Totally agree with Curly here. I've killed plenty of whitetails with both ends of the velocity/weight spectrum with what are considered typical hunting weight bullets in my .270. I started off using 150 gr round nose corelokt bullets. Most of the hunting I did was in the woods in PA where anything shot over 100 yards was unusual. They did a nice job, but didn't "knock them silly". A typical double-lung or heart shot resulted in the 50-150 yard "death run". Most of PA is pretty heavily hunted and, especially on the first day, a running deer could mean a lost deer. I switched to the 130 gr bronze point. These things really knock the snot out of them. The hydrostatic shock to the whole system is what "knocks them down". I don't really know if they die any quicker, but the shock certainly puts them down quicker. One thing to remember...dead is dead. It all comes down to what works best for you.
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Steve S
New Member

USA
29 Posts

Posted - Dec 05 2006 :  20:44:44  Show Profile Send Steve S a Private Message  Reply with Quote
I haven't shot a 270 in a number of years but I can make one observaton from my experiences. For about 5 years I shot a rifle in 7mm Rem mag. and killed a lot of deer. I built a 25-06 and loaded 117 grain bulets in it and guess what? I have just as many one shot, dead right there dramatic kills with the 25 as I did with the 7. I think alot can be said for velocity and a good bullet. I do feel I shoot alot more accurately with alot less kick and that boosts confidence and helps me to have a good form as well. My 2 cents.. Steve
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Paul B
Advanced Member

3316 Posts

Posted - Dec 08 2006 :  12:53:42  Show Profile Send Paul B a Private Message  Reply with Quote
My .270 experiences are very long and extremely thin. Two Mule Deer and one coyote about 30 some odd years ago. The coyote was a disaster as it ended up being a two piece kill. Bullet was factory 130 gr, but I forget which. I'd guess Winchester. The first Mule Deer I didn't lead quite enough and it was a gut shot. Deer dropped like a rock and was deed when I reached it. Awful mess to clean up too as a lot of the insides was now mush. The last deer was a neck shot breaking the spinal chord. Bang/flop DRT.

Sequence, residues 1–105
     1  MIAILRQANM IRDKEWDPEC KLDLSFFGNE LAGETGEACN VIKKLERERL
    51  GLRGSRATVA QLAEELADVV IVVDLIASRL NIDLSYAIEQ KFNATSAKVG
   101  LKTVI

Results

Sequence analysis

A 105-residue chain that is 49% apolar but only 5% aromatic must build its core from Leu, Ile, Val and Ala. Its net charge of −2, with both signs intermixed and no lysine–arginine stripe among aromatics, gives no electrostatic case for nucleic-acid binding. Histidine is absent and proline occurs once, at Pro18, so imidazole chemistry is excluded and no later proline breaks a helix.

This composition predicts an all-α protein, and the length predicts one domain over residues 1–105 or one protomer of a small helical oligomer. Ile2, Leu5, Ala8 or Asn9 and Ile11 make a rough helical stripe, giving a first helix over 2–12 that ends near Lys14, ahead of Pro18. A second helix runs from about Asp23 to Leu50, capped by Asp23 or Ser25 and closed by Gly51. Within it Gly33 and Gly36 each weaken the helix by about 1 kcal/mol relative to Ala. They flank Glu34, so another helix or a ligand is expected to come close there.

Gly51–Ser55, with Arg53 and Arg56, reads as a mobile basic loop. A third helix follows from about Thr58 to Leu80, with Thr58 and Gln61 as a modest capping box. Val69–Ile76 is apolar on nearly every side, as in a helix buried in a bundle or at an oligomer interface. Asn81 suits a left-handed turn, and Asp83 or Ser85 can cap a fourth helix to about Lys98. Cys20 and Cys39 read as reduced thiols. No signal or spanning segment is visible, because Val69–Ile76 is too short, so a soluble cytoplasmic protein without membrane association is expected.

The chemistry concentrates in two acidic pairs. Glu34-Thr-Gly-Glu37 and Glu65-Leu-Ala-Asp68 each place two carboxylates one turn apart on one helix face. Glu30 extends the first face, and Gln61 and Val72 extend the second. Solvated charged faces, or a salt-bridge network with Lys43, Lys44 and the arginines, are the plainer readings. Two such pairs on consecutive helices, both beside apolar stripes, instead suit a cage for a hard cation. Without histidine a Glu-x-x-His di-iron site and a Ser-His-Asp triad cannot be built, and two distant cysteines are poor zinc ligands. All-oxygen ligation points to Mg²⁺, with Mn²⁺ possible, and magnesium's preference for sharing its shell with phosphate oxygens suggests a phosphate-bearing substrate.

I was planning to use a .270 I just bought for my deer hunt this year, but my right kneee that I trashed about four years ago started acting up and walking was too painful, so the hunt didn't come off. It was still bad, so the elk hunt went down the crapper as well.
If one has a bad knee and small dogs, just hope they don't get tangled up in your feet. Doesn't do the knee much good when you have to try and keep from falling on the dog and crushing it. Oh weel. There's always next year. All I have to do is draw the tags and try to not stop on dogs.
Paul B.
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beemanbeme
Advanced Member

USA
544 Posts

Posted - Dec 09 2006 :  12:04:26  Show Profile Send beemanbeme a Private Message  Reply with Quote
All this really proves is that it doesn't really take much to kill a whitetail deer. Given any near proper bullet placement.
Sorry, armchair ballistics aside, I'll go to my grave before I believe a 115/.270 will out perform a 150/.270 with the possible exception of on ground hogs.

John